Waterhaul sunglasses: Everyone should own some sunglasses, especially fishermen who want an advantage over spawning bass. These glasses in particular are made from recycled ghost nets from the ocean by a company called Waterhaul. — Jamon Jordan, aquatic sciences / natural resources management and sustainability

Buff: Neck gaiter, headband, balaclava, whatever you want it to be to be honest. A merino wool buff is functional accessory for anytime of the year. — Jamon Jordan, aquatic sciences / natural resources management and sustainability

Insulated water bottle: Not only is it a great way to reduce plastic pollution, but it also keeps water cold for 24 hrs on a hot day. Staying hydrated is a top priority and a quality water bottle is a great gift to ensure that is the case. — Jamon Jordan, aquatic sciences / natural resources management and sustainability

Petzl Elios climbing helmet: While it’s markets for climbing, 98% of the time I use it for caving. I’ve had this helmet for almost 5 years and it’s amazing! As someone who caves and wears helmets a lot, I’ve loved this one. The vents on the side allow for air movement and it’s very light overall! It fits very snug to any head shape and I love it! Even though I use it for caving, it’s awesome for climbing because it’s so lightweight! — Julia Yearout, wildlife sciences




SPF-protection shirt: This can be seen being worn by our very own Dr. Shelton and for good reason! Long days, ehhem … hook-and-line sampling … require sufficient protection from the sun’s UV. — Jamon Jordan, aquatic sciences / natural resources management and sustainability

Flint and Tinder Pullover: This pullover has played a versatile part in keeping me warm during the winter. I wear it around my apartment and to run errands. It has been most effective in keeping me warm at work during the winter months. I’ll wear it beneath a rain jacket, and it provides effective insulation against the elements. One reason I chose this particular pullover is because it’s made in the United States. I am more comfortable with the degree of craftsmanship put into it, and it supports the U.S. business and U.S. economy. — Clint Weiss, wildlife sciences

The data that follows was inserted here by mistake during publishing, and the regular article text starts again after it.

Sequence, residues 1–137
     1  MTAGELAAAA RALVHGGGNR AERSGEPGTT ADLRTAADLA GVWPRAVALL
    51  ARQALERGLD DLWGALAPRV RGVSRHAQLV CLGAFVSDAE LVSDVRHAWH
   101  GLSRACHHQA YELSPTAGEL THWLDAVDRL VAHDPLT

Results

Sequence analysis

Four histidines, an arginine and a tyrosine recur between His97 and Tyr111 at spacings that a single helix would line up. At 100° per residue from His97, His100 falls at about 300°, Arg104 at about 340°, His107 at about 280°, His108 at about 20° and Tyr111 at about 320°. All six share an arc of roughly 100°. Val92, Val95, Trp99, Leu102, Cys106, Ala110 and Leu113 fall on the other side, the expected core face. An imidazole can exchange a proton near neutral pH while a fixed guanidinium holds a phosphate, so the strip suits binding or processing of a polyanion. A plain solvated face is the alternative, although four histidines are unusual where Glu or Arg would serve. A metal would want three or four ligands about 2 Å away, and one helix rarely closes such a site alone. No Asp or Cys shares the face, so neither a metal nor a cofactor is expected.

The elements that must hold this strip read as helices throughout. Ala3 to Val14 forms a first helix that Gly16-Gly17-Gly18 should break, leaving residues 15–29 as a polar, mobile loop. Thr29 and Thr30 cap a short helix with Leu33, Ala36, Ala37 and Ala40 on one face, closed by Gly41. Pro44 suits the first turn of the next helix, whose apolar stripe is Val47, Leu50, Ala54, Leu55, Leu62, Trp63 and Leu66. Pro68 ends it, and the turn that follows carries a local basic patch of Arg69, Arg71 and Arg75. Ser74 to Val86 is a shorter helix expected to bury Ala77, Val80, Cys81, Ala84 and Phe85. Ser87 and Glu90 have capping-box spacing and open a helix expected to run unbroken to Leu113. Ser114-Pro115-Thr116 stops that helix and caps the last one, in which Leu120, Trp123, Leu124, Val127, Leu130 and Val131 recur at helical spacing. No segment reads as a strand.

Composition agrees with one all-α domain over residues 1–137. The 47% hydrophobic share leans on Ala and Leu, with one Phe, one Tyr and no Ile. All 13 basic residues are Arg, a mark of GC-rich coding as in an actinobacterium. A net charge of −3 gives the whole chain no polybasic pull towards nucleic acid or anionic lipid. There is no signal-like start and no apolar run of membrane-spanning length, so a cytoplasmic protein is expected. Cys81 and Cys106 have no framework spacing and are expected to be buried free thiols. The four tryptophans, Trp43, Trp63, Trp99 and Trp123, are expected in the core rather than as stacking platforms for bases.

Triple Aught Design Pullover: This pullover is a good base-layer that I bought to replace my old North Face jacket. I’ve found that it has good breathability and functions well on its own in cooler weather and as a layer in cold weather. It has the benefit of being water repellant, so if it needed to stand alone on a fall hiking day during a short rain shower, it could do so. Triple Aught Design makes clothing in small batches that sell out relatively quickly. However, each and every article is incredibly constructed. This pullover is handcrafted in the United States so it has the added benefit of supporting a small U.S. business and the overall U.S. economy. — Clint Weiss, wildlife sciences

Columbia Men’s Silver Ridge Convertible Pants: I needed some comfortable and lightweight field pants for a summer technician job. These are by far one of my most comfortable pair of pants. They are water resistant, lightweight, durable and they can be converted to shorts! Who wouldn’t want that!? — Calvin Ellis, wildlife sciences

Waders: Now if this doesn’t scream Warnell, I don’t know what does. For the people with a fish person in their life, they will very much appreciate an extra pair of waders. Dr. Jackson says, they have short lifespans regardless of the brand. — Jamon Jordan, aquatic sciences / natural resources management and sustainability

Hiking/trail pants: Water resistant trail pants are essential to the wardrobe of any outdoorsy individual. They keep you dry, protect you from thorns and toxic plants and just make you feel ready to dive deep into the woods. — Jamon Jordan, aquatic sciences / natural resources management and sustainability